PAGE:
The Y-block was offered in 239, 256, 272, 292, and 312ci configurations. The original 239 was rated at 130 hp, a big jump over the 106hp flathead it replaced. To keep pace with the 265ci small-block Chevy that was unveiled in '55, Ford countered by boring and stroking the Y-block to 292 ci. The hottest version of the platform was the 312, introduced in '56. It boasted a four-barrel carb and 9.0:1 compression, producing a stout 235 hp. Many dealers offered the M260 engine kit as an option, which included a set of high-flow heads, a bigger cam, and dual four-barrel carbs that bumped output to 260 hp. The 312 was certainly a strong performer, but when the small-block Chevy was enlarged to 283 ci with a matching 283 hp in fuel-injected trim, Ford had to fend off the attack to remain competitive in NASCAR competition. It responded by strapping a McCulloch/Paxton supercharger to the 312, bumping performance to a cool 300 hp. This engine was so dominant that not only did it win 26 races to Chevy's 21 in the '57 NASCAR season, it also prompted the sanctioning body to ban it altogether. To ensure that enough supercharged 312s were built to meet homologation requirements, Ford installed it throughout its model lineup. This led to some interesting applications of this blown mill. It's not surprising that the supercharged 312 showed up in Thunderbirds, but it was also dropped into cars like the Fairlane, Skyliner, and Country sedan.
Despite its success, the Y-block V-8 was phased out by the mid '60s in favor of the FE in large car applications, and the Windsor in the small-car market. Downsides to the Y-block platform included poor top end oiling, and an odd cylinder head configuration in which pairs of intake ports were stacked on top of each other, impairing high-rpm airflow. Furthermore, the Y-block was small both externally and internally, and Ford was hesitant to push displacement beyond 312 ci. Even so, the Y-block V-8 often outperformed its small-block Chevy competition, and it has seen a resurgence in popularity as of late, thanks to the rat-rodding movement.
"...the Y-block V-8 often outperformed its small-block Chevy competition, and it has seen a resurgence in popularity as of late, thanks to the rat-rodding movement."
With the introduction of the C4 Corvette in '84, enthusiasts raved about the world-class handling provided by its solid chassis and all-aluminum suspension. Unfortunately, hitting the gas pedal served as a painful reminder that horsepower was just starting to recover from the doldrums of the smog era. Corvette Chief Engineer Dave McLellan's solution was building a 400hp version of Chevrolet's flagship with aspirations of making it the fastest production car in the world. Considering that the Corvette's L83 small-block produced a wheezy 205 hp, this was quite an ambitious plan to say the least. Chevy toyed with turbocharged six- and eight-cylinder prototype engines before settling in a naturally aspirated V-8. Right around the time the LT5 program was taking shape, GM acquired Lotus. Consequently, Chevy and Lotus engineers determined that the 400hp target could best be achieved with a DOHC, 32-valve V-8, and the LT5 engine program was born.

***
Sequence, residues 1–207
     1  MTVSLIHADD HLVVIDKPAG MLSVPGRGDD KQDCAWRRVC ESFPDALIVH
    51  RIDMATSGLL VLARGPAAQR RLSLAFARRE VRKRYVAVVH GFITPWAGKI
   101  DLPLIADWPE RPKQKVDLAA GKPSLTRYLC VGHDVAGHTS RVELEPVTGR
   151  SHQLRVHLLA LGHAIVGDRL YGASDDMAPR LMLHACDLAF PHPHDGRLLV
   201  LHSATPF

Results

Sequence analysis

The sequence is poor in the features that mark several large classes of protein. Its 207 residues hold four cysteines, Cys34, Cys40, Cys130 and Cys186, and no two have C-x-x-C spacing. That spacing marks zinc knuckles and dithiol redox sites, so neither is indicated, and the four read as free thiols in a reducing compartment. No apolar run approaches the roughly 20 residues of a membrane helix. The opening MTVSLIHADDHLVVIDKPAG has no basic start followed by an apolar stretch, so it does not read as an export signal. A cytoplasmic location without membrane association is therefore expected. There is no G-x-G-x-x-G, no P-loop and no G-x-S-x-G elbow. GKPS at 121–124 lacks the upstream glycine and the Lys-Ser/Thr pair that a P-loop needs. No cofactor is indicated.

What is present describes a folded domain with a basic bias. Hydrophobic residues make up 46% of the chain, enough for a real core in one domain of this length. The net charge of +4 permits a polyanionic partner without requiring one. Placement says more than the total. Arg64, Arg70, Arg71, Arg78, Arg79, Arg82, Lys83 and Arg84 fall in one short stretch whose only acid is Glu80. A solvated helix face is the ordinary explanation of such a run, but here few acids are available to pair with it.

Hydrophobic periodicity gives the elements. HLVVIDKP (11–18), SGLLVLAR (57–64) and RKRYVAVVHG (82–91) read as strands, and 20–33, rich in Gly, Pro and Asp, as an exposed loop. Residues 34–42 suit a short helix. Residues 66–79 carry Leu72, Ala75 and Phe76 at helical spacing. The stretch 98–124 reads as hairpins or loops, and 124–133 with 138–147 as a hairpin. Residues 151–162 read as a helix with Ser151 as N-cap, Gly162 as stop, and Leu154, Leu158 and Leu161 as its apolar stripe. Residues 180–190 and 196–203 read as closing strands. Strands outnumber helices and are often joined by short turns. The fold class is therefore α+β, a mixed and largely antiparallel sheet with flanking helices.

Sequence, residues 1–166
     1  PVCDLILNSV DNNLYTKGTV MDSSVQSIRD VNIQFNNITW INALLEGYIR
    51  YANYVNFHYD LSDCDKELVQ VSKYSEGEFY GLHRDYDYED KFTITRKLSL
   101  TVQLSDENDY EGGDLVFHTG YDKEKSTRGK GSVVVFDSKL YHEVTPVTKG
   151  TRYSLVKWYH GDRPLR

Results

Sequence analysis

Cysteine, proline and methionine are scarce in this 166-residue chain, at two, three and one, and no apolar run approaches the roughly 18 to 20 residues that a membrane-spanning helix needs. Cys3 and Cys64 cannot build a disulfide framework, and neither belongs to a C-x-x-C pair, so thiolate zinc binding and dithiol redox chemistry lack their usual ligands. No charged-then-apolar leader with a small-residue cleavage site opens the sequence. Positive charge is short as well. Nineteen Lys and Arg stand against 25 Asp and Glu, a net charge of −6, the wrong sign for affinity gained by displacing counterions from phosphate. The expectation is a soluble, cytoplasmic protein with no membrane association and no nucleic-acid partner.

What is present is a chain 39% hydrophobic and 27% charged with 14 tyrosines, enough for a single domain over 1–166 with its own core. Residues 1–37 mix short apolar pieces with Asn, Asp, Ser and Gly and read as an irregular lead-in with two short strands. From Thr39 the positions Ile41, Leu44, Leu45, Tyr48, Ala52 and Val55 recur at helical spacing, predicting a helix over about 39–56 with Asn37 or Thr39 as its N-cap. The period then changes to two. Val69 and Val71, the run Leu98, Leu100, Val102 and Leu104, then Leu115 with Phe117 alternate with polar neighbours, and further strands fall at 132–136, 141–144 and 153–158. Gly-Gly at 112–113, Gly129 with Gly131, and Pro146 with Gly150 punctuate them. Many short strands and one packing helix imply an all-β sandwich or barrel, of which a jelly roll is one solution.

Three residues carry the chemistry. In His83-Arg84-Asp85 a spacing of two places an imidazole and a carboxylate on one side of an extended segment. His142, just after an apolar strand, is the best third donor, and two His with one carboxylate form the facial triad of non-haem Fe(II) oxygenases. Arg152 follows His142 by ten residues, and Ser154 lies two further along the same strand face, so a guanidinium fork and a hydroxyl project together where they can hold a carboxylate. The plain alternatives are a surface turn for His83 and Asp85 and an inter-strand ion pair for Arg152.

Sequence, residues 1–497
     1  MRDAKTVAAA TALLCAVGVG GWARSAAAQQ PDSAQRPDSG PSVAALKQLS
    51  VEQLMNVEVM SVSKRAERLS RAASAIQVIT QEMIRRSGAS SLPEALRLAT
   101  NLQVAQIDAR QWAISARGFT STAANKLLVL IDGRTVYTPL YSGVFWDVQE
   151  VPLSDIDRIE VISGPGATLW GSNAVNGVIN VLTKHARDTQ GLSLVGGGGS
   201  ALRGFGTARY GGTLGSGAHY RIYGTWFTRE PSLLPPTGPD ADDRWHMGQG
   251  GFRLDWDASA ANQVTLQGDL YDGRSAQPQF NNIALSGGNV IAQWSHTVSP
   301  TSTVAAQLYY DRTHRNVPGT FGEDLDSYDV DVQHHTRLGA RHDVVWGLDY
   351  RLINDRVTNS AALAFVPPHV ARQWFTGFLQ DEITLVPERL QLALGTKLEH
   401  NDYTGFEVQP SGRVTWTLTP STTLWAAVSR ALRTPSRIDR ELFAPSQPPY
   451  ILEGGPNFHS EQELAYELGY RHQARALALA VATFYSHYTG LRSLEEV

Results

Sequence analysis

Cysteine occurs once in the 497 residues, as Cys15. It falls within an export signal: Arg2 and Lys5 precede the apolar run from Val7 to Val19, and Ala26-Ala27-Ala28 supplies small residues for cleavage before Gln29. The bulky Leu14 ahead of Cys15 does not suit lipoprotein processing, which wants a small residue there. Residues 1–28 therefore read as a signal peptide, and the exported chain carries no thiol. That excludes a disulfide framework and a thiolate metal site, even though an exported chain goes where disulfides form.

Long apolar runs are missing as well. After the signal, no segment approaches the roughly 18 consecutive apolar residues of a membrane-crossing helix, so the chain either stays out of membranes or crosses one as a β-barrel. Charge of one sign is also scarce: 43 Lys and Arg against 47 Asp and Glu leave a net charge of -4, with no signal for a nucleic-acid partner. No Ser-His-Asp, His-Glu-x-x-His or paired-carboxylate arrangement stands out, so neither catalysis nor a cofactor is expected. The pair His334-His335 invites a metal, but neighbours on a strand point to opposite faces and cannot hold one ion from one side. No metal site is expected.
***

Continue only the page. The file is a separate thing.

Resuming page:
GM originally contemplated fitting DOHC cylinder heads onto the existing 350 small-block Chevy, but Lotus engineers insisted that a clean-sheet engine design would be ideal. The result was an engine based on an all-new aluminum block that shared little more than its 4.400-inch bore spacing with the small-block Chevy. The minimum thickness requirement of the cylinder liners resulted in a slightly reduced bore size of 3.900 inches compared to the Gen I small-block, which was combined with a 3.660-inch stroke. Speaking of liners, the LT5 block used aluminum sleeves instead of iron. To make this possible, the liners were coated with Nikasil to reduce friction, a common design feature of BMW and Ferrari engines of the era. The crank and rods were both forged, while the hypereutectic pistons squished out an 11.25:1 compression ratio. The short-block was fortified with iron main caps that used an integrated girdle assembly. Like the LS1 that would someday replace it, the LT5's oil pump was driven off the front of the crank.
Without question, the LT5's most impressive pieces of hardware were its multivalve cylinder heads. In addition to their four-valve-per-cylinder design, these heads were matched with a variable-stage intake manifold featuring two intake runners per intake port. The end product is three throttle bores, 16 intake runners, and 16 fuel injectors. At low rpm, a small 22mm bore throttle plate feeds air into the intake, then two additional 59mm bores open as engine speeds increase to maximize both airflow and charge velocity. Since the LT5 was designed before electronics were advanced enough to operate variable valve timing systems, it employed several design elements that net a similar effect. The two intake ports used for each cylinder were staggered in size, with the secondary ports measuring slightly larger than the primary ports. The lobe profiles on the intake camshafts were staggered as well, with more duration for the secondary valves and ports. As a result, the LT5 shut down the secondary ports using an auxiliary throttle plate integrated into the heads at low rpm to preserve port velocity and bottom-end torque, then opened them up top for high-rpm breathing. After final R&D was completed, GM enlisted Mercury Marine to manufacture the production LT5.